While the "Do No Evil" guys shocked Wall Street with its faux (and evil) stock split, announced during last week’s quarterly earnings review for Google, there was another “split” discussed, and it seemed to fall through the cracks.
Over the two days following the call, GOOG fell $35 (nearly 5%), made worse by $10 of pre-announcement run-up. Google didn’t meet expectations in a key metric – cost-per-click for the paid-search business that still constitutes the bulk of Google’s total revenues.
Cost-per-click “growth” for Q1-2012 was negative 12% compared to a year ago, and down 6% quarter-over-quarter. This metric caught everyone’s eye in Q4, when Google saw the first year-over-year decline in CPC in more than two years.
CFO Patrick Pichette had this to say, in an attempt to calm listeners on the earnings call:
“…dynamics around CPCs and paid clicks are just simply very complex…”
SIMPLY complex. [We love reading earnings transcripts for these verbal tics…]
Pichette then spun the complexity wheel by stating the CPC decline was driven by five factors. The one marketers should pay attention to = “…the shift in search activity from desktop computer to mobile computer.” This is the other “split” that everyone else might miss.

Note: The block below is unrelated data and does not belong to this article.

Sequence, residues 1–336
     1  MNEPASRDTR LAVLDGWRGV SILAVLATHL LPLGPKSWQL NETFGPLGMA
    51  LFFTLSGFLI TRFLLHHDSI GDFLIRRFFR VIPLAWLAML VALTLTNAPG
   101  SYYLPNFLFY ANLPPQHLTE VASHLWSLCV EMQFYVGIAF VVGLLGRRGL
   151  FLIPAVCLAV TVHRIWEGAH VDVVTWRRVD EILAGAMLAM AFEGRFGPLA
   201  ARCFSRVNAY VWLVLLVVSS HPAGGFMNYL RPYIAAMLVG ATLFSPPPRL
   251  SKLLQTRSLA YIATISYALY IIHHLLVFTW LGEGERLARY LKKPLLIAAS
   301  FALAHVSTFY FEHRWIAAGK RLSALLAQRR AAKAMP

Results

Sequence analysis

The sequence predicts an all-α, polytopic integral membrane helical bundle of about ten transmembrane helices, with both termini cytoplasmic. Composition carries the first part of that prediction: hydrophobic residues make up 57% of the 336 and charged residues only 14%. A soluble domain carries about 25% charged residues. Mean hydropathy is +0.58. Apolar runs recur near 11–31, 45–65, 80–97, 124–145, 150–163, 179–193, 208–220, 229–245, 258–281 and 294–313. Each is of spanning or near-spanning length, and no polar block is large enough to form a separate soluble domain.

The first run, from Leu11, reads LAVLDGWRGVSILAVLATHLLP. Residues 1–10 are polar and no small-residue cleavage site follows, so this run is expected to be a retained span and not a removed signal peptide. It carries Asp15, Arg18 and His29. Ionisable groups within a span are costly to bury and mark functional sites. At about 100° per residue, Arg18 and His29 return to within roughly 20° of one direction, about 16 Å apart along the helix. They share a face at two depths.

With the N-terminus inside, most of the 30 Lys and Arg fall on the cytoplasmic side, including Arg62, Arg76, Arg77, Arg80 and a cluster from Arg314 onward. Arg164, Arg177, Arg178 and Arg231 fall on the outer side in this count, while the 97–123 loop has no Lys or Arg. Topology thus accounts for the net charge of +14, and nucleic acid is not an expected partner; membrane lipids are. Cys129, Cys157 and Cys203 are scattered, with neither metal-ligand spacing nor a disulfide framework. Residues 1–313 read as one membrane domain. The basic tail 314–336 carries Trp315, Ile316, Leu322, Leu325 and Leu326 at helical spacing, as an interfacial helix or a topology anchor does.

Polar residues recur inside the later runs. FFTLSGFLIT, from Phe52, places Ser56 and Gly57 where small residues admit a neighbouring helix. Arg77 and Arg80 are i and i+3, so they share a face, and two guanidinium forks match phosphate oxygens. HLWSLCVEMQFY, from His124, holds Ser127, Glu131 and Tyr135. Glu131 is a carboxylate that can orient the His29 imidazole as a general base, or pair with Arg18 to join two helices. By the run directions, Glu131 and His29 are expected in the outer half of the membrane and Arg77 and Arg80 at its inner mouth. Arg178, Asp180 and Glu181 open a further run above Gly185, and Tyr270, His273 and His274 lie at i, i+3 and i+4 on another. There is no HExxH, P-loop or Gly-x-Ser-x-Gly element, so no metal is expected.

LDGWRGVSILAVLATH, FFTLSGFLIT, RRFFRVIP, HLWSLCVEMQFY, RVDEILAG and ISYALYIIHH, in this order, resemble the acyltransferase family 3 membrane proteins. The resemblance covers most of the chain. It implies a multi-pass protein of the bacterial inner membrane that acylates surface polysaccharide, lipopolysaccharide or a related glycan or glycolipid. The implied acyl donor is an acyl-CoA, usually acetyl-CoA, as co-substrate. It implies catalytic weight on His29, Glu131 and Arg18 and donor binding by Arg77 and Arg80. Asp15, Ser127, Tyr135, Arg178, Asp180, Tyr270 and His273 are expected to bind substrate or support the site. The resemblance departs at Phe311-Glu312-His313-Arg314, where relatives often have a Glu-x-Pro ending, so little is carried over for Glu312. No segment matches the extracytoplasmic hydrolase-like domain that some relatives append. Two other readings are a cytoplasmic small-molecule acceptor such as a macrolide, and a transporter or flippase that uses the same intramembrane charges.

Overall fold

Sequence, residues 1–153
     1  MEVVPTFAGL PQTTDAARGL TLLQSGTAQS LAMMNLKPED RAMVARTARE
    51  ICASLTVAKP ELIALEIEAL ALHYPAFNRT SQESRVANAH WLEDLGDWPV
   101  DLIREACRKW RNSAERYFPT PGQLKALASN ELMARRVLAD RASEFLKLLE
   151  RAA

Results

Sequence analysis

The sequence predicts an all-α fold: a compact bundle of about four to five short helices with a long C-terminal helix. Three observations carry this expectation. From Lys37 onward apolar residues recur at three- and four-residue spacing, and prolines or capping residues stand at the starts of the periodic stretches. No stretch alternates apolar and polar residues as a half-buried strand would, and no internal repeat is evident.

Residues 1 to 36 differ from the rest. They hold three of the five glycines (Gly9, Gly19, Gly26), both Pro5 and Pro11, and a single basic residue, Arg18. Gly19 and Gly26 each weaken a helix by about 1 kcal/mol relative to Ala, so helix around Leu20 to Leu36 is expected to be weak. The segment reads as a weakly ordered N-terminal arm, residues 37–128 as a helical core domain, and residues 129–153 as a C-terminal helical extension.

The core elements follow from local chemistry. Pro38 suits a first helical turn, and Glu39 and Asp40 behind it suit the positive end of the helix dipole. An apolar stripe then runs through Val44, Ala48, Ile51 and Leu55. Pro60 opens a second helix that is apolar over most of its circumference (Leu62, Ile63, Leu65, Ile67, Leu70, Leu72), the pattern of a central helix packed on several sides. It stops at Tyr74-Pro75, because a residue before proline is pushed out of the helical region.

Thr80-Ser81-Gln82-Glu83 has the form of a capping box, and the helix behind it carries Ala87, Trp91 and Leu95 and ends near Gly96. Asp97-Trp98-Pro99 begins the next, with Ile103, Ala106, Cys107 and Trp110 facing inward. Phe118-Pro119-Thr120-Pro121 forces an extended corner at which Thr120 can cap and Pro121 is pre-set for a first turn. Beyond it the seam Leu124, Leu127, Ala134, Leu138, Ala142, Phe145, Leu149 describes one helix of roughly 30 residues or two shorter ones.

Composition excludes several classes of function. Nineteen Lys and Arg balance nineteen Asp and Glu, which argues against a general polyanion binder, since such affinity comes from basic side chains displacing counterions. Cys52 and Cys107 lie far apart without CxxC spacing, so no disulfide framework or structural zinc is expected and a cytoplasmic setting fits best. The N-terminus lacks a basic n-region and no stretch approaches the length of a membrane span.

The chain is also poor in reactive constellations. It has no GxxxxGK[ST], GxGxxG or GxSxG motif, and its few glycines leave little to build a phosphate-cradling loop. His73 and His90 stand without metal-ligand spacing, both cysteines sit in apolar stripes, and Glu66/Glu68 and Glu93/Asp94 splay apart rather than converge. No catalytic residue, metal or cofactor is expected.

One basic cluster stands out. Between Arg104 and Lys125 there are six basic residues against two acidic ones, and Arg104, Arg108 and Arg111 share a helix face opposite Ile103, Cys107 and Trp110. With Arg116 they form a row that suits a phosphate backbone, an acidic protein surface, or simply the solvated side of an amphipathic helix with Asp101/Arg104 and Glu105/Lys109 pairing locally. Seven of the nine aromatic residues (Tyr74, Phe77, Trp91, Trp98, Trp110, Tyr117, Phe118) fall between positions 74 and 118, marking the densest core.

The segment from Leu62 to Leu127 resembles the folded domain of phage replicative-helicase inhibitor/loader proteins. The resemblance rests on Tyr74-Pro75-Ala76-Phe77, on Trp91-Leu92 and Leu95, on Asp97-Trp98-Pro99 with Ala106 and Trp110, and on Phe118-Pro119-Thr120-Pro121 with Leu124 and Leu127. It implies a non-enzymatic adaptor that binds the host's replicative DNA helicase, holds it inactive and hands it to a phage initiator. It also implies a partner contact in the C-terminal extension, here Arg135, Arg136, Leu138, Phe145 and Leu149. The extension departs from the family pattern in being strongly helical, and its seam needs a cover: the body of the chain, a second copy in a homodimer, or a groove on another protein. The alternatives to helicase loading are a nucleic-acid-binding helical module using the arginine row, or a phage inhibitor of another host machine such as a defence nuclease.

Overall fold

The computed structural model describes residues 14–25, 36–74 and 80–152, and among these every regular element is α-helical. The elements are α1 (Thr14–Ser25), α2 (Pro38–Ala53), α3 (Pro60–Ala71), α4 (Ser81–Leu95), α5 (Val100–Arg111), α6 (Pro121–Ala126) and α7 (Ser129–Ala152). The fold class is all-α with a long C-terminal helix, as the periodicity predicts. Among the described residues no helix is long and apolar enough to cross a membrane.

This, of course, is not good news looking forward, unless the many, many hands on the mobile advertising steering wheel get it together. One major driver in raising CPC is demand (i.e., more marketers bidding on a keyword, ratcheting up its price), and as we have said at Lairig Marketing about a billion times, “The Year of Mobile Advertising” is about six years late.
One wonders when someone will come up with the idea to track the CPC metric for iPads and other tablets SEPARATE from smartphones. The delta there must be significant, and getting larger over time.
The mobile CPC dynamic will certainly impact Facebook, but will be a discussion that won’t take place before the IPO, we wager. But you only have to look at Pandora’s stock price to see what low mobile CPCs mean from a business standpoint. After debuting at $16 last June, Pandora tread water around $12 until this March, where it has trended straight down to $8-and-change.
Mobile CPC is indeed a sensitive topic. When a Barclays analyst took another attempt at interrogating Google’s cost-per-click performance on last week’s earnings call, CEO Larry Page had this to say:
“I'm just going to close the call here…”